Skip to comments.An excess of nationalism
Posted on 10/09/2004 7:37:48 PM PDT by KevinDavis
"This is the true frontier of transportation," said Marion Blakely, head of the US Federal Aviation Administration, when SpaceShipOne, designed, built and flown by American private citizens, flew into space for the second time in two weeks and won the US$10 million Ansari-X prize. Then Richard Branson of Virgin enterprises made a deal with Mojave Aerospace Venture, the team headed by Burt Rutan and funded by Paul Allen, billionaire co-founder of Microsoft, to develop a fleet of larger spacecraft based on Rutan's design and start commercial space flights in 2007-8.
It took us all back to the romantic early years of aviation, when thrusting entrepreneurs teamed up with iconoclastic engineers and bold pilots to create whole new technologies in a weather-beaten hangar. There we were once again, at the airstrip out in the desert, watching mavericks mould our future. It was a great achievement, redolent of the 1930s and yet relevant to the future-and then Brian Binnie had to go and ruin it.
(Excerpt) Read more at trinidadexpress.com ...
"The problem is not the fact of American nationalism-a huge surge of nationalist sentiment was inevitable in the United States after the appalling events of 9/11-but the in-your-face coarseness with which it is increasingly being expressed. A psychologist might wonder how much this is driven by the need to deny the inevitable relative decline in America's power over the coming two or three decades, as first the Chinese economy and then the Indian grow to rival the US economy in size. In any event, triumphalism has become a normal mode of expression right across the US political and media spectrum in the past few years."
This guy is full of it.
AMERICA! EFF, YEAH!!!!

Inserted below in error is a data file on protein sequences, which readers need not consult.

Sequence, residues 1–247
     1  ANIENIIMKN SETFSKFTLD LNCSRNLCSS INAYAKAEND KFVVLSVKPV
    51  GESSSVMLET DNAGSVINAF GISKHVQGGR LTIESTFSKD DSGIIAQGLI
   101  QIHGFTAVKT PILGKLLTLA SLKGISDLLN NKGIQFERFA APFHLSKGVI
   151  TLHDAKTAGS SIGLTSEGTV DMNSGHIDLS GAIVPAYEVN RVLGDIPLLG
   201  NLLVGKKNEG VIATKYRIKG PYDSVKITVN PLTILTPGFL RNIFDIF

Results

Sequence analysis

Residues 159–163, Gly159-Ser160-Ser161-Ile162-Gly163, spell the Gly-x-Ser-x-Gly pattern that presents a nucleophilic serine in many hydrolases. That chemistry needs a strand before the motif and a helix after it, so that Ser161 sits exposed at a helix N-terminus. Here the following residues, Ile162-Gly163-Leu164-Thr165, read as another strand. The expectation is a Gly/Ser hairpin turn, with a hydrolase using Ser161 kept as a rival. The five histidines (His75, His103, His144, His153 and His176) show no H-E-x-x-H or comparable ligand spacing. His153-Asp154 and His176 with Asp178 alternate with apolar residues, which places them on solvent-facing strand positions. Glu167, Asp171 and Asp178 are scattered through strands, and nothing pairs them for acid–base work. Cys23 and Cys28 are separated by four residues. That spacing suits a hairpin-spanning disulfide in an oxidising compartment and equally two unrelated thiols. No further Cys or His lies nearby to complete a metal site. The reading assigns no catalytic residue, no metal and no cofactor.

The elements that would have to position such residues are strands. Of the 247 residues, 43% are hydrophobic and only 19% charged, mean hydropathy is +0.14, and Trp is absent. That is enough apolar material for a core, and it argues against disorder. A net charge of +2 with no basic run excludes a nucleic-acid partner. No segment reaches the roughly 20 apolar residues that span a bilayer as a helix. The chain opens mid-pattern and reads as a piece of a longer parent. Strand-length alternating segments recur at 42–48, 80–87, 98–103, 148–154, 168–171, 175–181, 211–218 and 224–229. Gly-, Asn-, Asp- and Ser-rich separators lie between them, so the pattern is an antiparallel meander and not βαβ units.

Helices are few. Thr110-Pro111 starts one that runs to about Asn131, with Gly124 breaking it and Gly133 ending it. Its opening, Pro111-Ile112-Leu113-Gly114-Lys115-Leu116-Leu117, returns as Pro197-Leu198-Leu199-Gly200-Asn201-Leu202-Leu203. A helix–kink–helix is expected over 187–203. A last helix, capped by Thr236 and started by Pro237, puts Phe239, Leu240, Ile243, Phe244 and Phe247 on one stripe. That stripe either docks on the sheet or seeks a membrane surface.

"This guy is full of it"
Yes, but, more importantly, it's an overt display to hide the real resaon.............Jealousy!
Well I for one am proud to live in a country where dreamers and entrepreneurs can do what they did in the mojave desert. What is so wrong with being proud of that? I'm glad I'm not a european who lives on a decaying continent whos governments stiffle the lives, dreams, creativity and entrepreurial spirit of their people. I for one am proud that we are different then the rest of the "developed" world and share a common spirit and bond with our countrymen and are proud to be American's! It has served us well over the last two centuries.
> I don't know what the hell his problem is...
It's right there in the first sentence:
"... SpaceShipOne, designed, built and flown by American
private citizens ..."
This "London-based independent journalist" evidently
would have preferred that the prize be won by the
nationals of some other country.
And it could have been - the contest was open world-wide -
but it wasn't.
The ironic thing is that the SS1 success is both grand
and embarassing for the US. Yes, US citizens did it,
but they also did their whole program, with three
launches, for less than the incremental cost of one
Space Shuttle launch, and probably less than the
adjusted program costs of the X-15.
Next the Amish!
NASA could duplicate SS1 for 10 times the cost
Stick to rum and cigars, Gwynne.